• http://dondodge.typepad.com/the_next_big_thing/2006/12/googles_true_ma.html Don Dodge

    Danny, I think the difference is market share for “search referrals” versus “total searches performed”. They are different, but that doesn’t explain the relative differences in market share.

    My own blog traffic breaks down like this; 69.5% from Google, 1% Yahoo, 1% MSN, 10% links from other bloggers, and 18% links from my own blog to other posts.

    My guess is you are all right (You, Hitwise, ComScore)but the definitions and parameters are different. I wrote a blog today on my findings http://dondodge.typepad.com/the_next_big_thing/2006/12/googles_true_ma.html

  • http://seo-theory.blogspot.com/ Michael Martinez

    You’re comparing apples to oranges. Since all sites are not relevant to all queries, there is a disconnect between site owner data and search engine data.

    If, out of 1,000 searches run on engine X, 200 are about “danny sullivan”, your statistics on SearchEngineLand will only reflect some value about the 200 queries for “danny sullivan”, not the 1,000 queries overall.

    If engine X has a 10% search market share, “danny sullivan” may still only be a popular query on engine X, and it may grab only 50 out of 1,000 queries on engine Y.

    Engines X and Y undoubtedly have some audience overlap, but their audiences also have unique profiles, and those profiles include different interest trends.

    You just don’t have enough data to make a valid analysis.

  • http://searchengineland.com Danny Sullivan

    Mike, I pretty much already said that people might disagree in using Search Engine Land as a sole basis of anything. That’s why I mentioned that I’ve seen the same at Search Engine Watch over years, why I’ve seen the same thing at Daggle, why I’ve heard many other site owners say this, as well has having seen stats from traffic collection services say it. But hey — you run a site. Most of your traffic from Google?

  • http://www.fashioncraft.com JeffWells

    This confirms something I’ve been noticing over the past few months. We run a wholesale web site, and I’ve been noticing a decline in our Yahoo referalls over the past year. Even though our rankings for our key terms are better in Yahoo then they are in Google, my organic traffic for December is 59% Google and only 11% Yahoo. Interestingly MSN is 22%.

  • ROI Guy

    Danny

    I have wondered about the stats that show Google’s market share at 50% or even 60%. As an SEM professional, the only thing that really matters is the share of REVENUE delivered by each engine.

    I aggregated data for a couple of different clients across Google, Yahoo and MSN for May, 2006:

    Google produced around 74% of revenue, Yahoo 20%, MSN 6%.

    While this is certainly not a statistically significant sample or a broad cross section of the internet, these revenue figures are much closer to the Hitwise and Enquisite numbers reporting referrals to commerce sites.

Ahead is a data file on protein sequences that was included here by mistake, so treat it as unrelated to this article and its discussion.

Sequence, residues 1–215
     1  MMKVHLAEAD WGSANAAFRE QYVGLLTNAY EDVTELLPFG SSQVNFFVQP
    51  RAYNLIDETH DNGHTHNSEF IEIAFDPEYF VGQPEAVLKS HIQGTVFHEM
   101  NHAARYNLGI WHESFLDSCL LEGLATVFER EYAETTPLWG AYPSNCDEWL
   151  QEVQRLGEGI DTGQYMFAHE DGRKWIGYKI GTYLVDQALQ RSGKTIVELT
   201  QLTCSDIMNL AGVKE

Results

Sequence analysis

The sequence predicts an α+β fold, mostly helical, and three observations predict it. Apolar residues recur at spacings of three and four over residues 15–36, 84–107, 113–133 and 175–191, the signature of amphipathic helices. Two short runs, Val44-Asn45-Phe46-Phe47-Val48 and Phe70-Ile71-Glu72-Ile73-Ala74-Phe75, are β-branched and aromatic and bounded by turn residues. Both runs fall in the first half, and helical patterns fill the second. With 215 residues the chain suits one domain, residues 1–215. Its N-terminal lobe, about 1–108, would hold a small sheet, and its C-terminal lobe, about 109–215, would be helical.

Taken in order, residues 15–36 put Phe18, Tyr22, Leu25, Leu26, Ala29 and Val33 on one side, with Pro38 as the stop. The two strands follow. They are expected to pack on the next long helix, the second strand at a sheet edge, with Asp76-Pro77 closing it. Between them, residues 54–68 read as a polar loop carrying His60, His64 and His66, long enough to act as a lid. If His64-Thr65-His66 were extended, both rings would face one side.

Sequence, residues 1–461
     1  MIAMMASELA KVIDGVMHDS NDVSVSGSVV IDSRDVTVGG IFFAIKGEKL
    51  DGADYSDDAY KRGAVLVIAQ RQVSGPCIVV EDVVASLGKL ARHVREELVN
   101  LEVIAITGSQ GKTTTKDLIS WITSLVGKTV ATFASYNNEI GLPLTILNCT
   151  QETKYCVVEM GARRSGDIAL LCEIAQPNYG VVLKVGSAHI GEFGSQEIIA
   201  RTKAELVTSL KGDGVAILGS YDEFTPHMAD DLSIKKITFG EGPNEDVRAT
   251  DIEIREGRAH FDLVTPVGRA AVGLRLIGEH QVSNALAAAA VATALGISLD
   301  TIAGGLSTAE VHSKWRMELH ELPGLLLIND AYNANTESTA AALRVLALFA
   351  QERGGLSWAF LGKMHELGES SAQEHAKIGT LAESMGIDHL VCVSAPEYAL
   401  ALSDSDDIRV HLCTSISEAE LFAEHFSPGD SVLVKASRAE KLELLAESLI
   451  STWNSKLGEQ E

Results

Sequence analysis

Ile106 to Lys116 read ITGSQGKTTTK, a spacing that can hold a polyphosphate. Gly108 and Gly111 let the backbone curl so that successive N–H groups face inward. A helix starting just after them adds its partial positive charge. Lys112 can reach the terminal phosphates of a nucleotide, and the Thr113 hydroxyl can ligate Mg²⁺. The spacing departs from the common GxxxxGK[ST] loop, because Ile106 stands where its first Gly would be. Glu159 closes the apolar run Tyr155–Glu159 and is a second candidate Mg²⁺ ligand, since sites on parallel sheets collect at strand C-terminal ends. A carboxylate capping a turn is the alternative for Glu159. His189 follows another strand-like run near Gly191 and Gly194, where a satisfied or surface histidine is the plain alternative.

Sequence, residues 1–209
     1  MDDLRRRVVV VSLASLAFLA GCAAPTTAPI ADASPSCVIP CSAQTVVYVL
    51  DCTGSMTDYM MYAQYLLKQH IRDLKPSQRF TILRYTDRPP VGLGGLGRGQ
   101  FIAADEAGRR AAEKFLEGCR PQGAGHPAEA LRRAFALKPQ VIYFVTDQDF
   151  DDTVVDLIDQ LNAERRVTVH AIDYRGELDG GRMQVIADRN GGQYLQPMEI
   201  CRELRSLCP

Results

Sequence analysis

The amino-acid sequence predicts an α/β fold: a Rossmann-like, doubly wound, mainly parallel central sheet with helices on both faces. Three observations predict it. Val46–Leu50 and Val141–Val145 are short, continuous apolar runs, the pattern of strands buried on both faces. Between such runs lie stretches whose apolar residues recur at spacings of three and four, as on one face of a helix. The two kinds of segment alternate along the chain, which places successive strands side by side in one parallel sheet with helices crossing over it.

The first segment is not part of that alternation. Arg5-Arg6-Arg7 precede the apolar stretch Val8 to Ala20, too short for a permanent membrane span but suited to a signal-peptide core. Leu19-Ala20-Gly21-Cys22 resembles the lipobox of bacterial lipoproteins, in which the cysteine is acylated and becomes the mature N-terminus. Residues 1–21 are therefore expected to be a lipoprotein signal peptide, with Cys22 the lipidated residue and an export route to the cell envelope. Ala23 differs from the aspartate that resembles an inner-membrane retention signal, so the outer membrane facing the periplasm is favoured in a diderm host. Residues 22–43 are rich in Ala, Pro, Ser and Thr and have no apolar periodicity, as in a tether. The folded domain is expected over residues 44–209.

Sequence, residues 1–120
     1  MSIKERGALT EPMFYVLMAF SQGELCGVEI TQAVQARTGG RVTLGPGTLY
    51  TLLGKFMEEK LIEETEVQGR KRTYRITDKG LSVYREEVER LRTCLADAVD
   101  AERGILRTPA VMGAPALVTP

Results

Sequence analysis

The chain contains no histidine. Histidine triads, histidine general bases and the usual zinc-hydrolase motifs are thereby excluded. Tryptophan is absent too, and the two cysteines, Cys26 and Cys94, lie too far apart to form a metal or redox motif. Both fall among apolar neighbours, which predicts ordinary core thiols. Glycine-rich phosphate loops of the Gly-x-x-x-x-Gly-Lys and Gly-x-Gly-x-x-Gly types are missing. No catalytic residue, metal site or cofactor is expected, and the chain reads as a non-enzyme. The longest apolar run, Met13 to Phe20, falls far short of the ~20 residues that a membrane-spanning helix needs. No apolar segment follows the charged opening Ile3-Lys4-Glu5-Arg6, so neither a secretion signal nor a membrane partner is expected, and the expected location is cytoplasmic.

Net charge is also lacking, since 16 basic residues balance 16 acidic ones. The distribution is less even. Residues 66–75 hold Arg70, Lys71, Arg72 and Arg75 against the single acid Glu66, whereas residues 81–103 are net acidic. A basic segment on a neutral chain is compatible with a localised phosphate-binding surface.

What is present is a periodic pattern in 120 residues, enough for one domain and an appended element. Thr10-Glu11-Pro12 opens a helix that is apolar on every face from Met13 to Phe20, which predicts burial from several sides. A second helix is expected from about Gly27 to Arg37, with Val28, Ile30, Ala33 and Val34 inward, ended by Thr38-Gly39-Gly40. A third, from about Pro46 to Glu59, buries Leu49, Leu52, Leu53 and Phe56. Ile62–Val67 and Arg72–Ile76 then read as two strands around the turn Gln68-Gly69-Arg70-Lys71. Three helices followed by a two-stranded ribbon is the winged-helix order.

• http://seo-theory.blogspot.com/ Michael Martinez

    Danny, if you’re talking about Xenite.Org, most of my traffic comes from non-search sources. If you’re talking about my new SEO blog, most of my traffic comes from non-search sources. If you’re talking about my other, older (non-SEO) blog, Google accounts for about 56% of the traffic (according to Google Analytics, about which I have expressed reservations that don’t need to be revisited).

    Among the search engine referrals, Google probably sends my sites the most traffic. I get so many referrals from various Google, MSN, and Yahoo! properties that adding them all up is pretty tedious. Just looking at the top few referrer listings for both domains, Google seems to send more traffic then either Yahoo! or MSN. MSN sends almost as much traffic as Yahoo!

    Google does not appear to account for anywhere near 80% of all search-related traffic, but I would put their referrals above 60%.

    I see very different traffic patterns for my various domains based on topicality.

  • http://seoptimization.blog.com/ ★ ★ Search Engines WEB ★ ★

    One possible way to resolve this to the COMBINE THEM ALL – Then take the Average.

    Although on the surface, this might appear to be a copout….another way of looking at this tactic would be ‘WISDOM OF THE CROWD’

    One possibility of why Google far excells on the example sites mentioned, would be the relative complexity of the keywords people might have used to find the sites -
    RELATIVE COMPLEXITY…RELATIVE COMPLEXITY!!

    Look at the so called 2006 top search terms from the major search engines.

    Does anyone REALLY doubt that gaining access to precious statistics from those sites that come up #1 or #2 for such searches as:

    Britney Spears,
    Pam Anderson,
    S*X,
    P*rn
    etc….would show a different graph??

    It really is possible that the Extremely Common, Extremely Popular Simple terms are what are giving the other search engines a bigger piece of the graph.

    Google users – overall – may search with more complex terms and are apt to search more frequently, and go to page 2 SERPs.